Abstract Although it is perceived wisdom that joint working must be beneficial, there is, even at this stage, little evidence to support that notion. The present study is an evaluation of two integrated co-located health and social care teams which were established in a rural county to meet the needs of older people and their carers. This study does identify that patients from the ,integrated teams' may self-refer more and are assessed more quickly. This might indicate that the ,one-stop shop' approach is having an impact on the process of service delivery. The findings also suggest that, in the integrated teams, the initial stages of the process of seeking help and being assessed for a service may have improved through better communication, understanding and exchange of information amongst different professional groups. However, the degree of ,integration' seen within these co-located health and social care teams does not appear to be sufficiently well developed to have had an impact upon the clinical outcomes for the patients/service users. It appears unlikely from the available evidence that measures such as co-location go far enough to produce changes in outcomes for older people. If the Department of Health wishes to see benefits in process progress to benefits to service users, then more major structural changes will be required. The process of changing organisational structures can be enhanced where there is evidence that such changes will produce better outcomes. At present, this evidence does not exist, although the present study does suggest that benefits might be forthcoming if greater integration can be achieved. Nevertheless, until the social services and National Health Service trusts develop more efficient and compatible information systems, it will be impossible to evaluate what impact any further steps towards integration might have on older people without significant external resources. [source]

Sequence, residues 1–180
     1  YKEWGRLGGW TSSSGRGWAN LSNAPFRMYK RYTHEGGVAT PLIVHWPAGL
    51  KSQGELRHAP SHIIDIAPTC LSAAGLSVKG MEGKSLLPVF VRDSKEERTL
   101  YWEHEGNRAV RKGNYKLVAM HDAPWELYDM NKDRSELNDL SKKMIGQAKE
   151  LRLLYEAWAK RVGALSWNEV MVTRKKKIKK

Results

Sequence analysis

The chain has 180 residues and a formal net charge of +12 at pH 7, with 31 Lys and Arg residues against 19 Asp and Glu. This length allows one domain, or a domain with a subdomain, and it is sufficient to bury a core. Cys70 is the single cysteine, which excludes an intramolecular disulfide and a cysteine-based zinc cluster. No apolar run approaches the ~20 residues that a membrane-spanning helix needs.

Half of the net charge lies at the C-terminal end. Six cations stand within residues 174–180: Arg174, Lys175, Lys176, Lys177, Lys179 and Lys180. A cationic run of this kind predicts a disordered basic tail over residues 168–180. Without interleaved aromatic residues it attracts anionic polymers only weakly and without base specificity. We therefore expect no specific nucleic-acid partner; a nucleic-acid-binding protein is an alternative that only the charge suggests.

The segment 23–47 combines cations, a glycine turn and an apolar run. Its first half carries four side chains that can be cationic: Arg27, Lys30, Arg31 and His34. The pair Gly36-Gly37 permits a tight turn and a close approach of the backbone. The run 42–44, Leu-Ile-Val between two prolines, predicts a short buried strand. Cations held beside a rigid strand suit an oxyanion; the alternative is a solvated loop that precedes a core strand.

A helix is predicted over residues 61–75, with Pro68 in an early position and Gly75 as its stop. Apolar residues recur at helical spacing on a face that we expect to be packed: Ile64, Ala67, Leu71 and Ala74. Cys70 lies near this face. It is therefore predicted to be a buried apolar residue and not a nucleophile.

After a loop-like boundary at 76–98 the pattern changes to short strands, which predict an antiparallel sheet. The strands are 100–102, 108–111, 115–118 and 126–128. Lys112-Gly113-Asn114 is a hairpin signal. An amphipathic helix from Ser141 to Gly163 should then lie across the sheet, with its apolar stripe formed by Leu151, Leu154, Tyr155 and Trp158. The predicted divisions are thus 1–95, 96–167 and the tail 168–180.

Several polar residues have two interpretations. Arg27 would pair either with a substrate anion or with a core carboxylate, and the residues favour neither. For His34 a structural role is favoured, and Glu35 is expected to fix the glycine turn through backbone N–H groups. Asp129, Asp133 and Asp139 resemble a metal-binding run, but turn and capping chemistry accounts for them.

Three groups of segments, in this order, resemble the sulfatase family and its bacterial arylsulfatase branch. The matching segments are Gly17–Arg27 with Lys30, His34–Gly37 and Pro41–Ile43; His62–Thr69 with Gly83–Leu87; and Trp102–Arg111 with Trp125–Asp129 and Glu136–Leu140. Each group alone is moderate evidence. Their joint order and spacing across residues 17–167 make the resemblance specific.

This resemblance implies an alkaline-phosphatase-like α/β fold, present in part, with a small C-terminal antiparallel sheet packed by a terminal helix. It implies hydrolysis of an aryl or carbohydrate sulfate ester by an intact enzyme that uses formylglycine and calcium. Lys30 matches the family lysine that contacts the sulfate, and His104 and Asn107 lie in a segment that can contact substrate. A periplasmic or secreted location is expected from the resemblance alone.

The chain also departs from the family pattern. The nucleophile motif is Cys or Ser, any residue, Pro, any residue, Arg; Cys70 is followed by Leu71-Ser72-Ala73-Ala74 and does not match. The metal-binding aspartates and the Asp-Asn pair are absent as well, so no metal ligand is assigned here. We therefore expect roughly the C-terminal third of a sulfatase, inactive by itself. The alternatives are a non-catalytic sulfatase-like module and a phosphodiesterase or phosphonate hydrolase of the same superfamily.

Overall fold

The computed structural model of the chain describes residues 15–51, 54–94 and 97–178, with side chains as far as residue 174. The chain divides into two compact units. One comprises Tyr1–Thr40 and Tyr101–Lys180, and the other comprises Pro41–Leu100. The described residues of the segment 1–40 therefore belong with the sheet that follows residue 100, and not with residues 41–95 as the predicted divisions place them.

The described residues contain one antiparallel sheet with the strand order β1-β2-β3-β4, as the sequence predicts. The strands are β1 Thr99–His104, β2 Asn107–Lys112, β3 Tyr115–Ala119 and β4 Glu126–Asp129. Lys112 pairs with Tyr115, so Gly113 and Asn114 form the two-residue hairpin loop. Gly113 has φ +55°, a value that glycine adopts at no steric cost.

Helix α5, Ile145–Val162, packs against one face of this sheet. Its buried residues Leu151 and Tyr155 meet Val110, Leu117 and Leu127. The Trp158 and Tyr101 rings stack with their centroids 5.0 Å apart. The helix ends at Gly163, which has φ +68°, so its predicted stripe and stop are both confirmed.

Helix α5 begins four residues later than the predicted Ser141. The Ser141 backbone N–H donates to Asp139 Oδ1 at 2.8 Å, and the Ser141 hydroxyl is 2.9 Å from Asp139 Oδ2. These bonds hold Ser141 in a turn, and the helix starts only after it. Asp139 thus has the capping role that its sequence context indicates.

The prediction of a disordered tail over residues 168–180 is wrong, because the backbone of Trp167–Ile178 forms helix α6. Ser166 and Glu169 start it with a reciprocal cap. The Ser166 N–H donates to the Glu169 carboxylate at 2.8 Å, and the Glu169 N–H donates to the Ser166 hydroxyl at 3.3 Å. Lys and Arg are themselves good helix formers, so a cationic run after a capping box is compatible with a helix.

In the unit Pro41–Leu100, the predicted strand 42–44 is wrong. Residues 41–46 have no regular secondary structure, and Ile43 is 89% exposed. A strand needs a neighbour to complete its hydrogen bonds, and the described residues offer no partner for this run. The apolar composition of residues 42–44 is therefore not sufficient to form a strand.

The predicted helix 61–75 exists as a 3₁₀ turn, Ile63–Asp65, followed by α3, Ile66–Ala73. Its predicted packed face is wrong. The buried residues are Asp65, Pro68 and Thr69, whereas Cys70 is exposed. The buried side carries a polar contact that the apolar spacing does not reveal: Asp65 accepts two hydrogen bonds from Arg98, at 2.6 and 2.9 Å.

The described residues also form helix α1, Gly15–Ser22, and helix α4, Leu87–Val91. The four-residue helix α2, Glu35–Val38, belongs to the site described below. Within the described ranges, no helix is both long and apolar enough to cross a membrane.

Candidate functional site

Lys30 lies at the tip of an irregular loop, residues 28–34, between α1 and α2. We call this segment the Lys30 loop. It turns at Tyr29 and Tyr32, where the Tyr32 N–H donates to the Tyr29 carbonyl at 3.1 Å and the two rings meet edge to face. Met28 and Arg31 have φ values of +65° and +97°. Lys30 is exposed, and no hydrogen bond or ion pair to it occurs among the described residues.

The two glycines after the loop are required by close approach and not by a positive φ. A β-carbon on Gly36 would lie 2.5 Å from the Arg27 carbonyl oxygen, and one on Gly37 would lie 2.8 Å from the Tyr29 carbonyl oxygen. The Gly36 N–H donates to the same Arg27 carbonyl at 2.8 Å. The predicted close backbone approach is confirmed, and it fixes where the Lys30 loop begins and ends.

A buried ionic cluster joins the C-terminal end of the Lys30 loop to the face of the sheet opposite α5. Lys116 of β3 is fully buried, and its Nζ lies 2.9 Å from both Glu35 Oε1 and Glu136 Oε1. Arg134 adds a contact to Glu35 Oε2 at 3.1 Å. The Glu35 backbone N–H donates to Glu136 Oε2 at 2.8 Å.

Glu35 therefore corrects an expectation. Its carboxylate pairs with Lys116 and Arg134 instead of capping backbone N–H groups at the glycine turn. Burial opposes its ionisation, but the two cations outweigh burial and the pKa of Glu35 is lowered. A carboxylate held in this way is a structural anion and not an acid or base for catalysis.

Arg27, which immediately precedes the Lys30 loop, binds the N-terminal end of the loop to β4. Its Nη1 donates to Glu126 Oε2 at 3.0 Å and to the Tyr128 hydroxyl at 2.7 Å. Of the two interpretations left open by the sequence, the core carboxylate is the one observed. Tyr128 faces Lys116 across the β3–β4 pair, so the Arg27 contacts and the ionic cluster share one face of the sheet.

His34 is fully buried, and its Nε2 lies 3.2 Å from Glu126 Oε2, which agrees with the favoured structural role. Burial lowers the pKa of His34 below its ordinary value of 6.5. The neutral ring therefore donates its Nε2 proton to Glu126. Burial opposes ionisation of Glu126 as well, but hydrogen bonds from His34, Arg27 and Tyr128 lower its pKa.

The implementation of intravenous tissue plasminogen activator in acute ischaemic stroke , a scientific position statement from the National Stroke Foundation and the Stroke Society of Australasia

    Ad Hoc Committee representing the National Stroke Foundation, the Stroke Society of Australasia
    Abstract Intravenous tissue plasminogen activator (tPA) has been licensed in Australia for thrombolysis in selected patients with acute ischaemic stroke since 2003. The use of tPA is low but is increasing across Australia and national audits indicate efficacy and safety outcomes equivalent to international benchmarks. Implementing tPA therapy in clinical practice is, however, challenging and requires a coordinated multidisciplinary approach to acute stroke care across prehospital, emergency department and inpatient care sectors. Stroke care units are an essential ingredient underpinning safe implementation of stroke thrombolysis. Support systems such as care pathways, therapy delivery protocols, and thrombolysis-experienced multidisciplinary care teams are also important enablers. Where delivery of stroke thrombolysis is being planned, health systems need to be re-configured to provide these important elements. This consensus statement provides a review of the evidence for, and implementation of, tPA in acute ischaemic stroke with specific reference to the Australian health-care system. [source]